Please help. Thanks.
    JJLOU replied to JJLOU's response:
    To provide further info surrounding the incident.

    1. This is the very first time that such screaming happened.

    2. Could it be the cold temperature triggering the scream? I mean New England is buried in snow these days.
    beagelmommy responded:
    Hi there, i just wanted to tell you, that my 6 yrold Beagle "Daisy" dreams alot and is very very vocal!!!!!!! She has on occasion peed in our bed, which is to say, she peed on my pillow,since she sleeps at the top of the bed wedged between a pillow (protecting her from the wood headborad) and my pillows.I asked my vet and was told that it could be age,dreams,or just plain oops didn't make to the yard.So just keep an eye on him and maybe for a while wake him each time you notice him "dreaming" i.e. his feet twiching etc. Ask your vet on your next visit, he could just maybe have had a uti.
    williams77 replied to JJLOU's response:
    I have not taken my dog to the vet yet. I was waiting to see if it happened again. My husband actually thought it might be the heat at night that is causing this. In the winter, it gets very hot upstairs in our bedroom. We used to shut the bedroom door at night to keep the dogs from getting into trouble downstairs while we're asleep (not so much this dog, but more for our younger one). We decided to try shutting the vent in the bedroom and leaving the door open to let out some of the heat. So far, it hasn't happened again and it has been about a month. I don't know if this actually solved the problem or if he just hasn't had an episode in a while for a different reason. Maybe the heat is causing a bad dream, or maybe it's causing a seizure (not even sure that's possible). All I know right now is that this seems to be working and neither of them has gotten into any trouble having freedom in the house at night. Please keep me posted on your dogs situation. I am sorry to hear your dog is experiencing this too and am very interested to hear of his progress.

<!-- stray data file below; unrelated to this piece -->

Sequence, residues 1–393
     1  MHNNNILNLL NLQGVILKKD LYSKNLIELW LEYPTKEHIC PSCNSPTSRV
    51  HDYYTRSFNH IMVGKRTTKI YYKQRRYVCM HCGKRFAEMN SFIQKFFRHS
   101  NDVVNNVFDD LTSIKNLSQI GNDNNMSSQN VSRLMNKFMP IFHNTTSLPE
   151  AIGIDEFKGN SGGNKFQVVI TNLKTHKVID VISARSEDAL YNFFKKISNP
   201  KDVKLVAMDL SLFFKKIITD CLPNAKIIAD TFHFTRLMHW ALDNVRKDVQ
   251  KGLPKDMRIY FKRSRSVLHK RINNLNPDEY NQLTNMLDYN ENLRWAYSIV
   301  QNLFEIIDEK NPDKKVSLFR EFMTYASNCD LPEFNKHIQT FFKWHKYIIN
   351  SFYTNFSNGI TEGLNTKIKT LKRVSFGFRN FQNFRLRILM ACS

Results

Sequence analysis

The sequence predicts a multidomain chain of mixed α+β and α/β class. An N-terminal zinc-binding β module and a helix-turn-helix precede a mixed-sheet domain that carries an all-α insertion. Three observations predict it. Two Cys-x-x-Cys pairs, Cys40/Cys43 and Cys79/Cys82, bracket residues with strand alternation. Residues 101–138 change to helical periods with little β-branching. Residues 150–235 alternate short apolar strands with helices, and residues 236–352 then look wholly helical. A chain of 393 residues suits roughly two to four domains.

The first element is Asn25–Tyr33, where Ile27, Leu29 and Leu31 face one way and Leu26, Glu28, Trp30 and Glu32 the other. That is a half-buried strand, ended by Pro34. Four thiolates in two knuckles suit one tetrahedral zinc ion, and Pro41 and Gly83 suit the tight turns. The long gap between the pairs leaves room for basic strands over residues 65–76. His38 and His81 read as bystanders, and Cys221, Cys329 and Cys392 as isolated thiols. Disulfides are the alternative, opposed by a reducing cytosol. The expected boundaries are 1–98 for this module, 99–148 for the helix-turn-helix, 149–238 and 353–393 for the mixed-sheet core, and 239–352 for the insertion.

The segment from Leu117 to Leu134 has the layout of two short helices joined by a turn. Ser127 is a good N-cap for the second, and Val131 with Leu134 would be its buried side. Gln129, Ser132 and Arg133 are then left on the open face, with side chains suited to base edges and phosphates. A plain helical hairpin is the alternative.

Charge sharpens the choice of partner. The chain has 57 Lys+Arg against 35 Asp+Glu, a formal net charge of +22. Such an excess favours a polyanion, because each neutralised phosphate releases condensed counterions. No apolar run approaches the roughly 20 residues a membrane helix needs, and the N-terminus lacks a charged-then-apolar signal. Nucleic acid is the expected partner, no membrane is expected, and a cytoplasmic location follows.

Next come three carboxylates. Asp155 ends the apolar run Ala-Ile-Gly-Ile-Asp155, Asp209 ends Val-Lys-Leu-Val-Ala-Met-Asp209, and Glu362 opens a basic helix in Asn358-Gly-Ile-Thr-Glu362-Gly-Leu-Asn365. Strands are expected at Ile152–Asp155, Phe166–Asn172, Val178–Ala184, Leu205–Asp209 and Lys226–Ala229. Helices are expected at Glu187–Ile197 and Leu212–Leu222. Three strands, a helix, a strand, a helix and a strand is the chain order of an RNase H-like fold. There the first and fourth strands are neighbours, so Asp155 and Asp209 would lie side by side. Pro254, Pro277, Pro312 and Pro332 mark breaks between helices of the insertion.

izzie1313 responded:

    I hope your dog gets to feeling better. My little dog Tyke still has nightmares from the people who used to own him. They gave him to me and he only weighed 3 pounds but now he weighs 11 1/2 pounds. Just got him last summer. When I first got him he would scream out in his sleep and seem to not know his whereabout when first woken up and a few times wet on his bed. After a few times of his screaming I started letting him sleep on the bed which seem to help a lot after a couple of weeks. There are some many different reasons that could be causing your dog's screaming at night. Keeping a record of when he screams out , his reactions when you wake him up, maybe could help the vet decide what is the best course to to take in helping the dog. That is what I did for Tyke and the Vet after running a couple of test determine Tyke was having nightmares and was underweight (from people who owned him before), but who has since gained his proper wieght. Some dogs I guess can have bad dreams but its not very common, there is so much about a animals we don't understand because of a language barrier that we have a hard time trying to figure out whats really going on with them. Vets are truely wonderful people, who use every means available to determine excately whats going on with your pet just to get them back to health.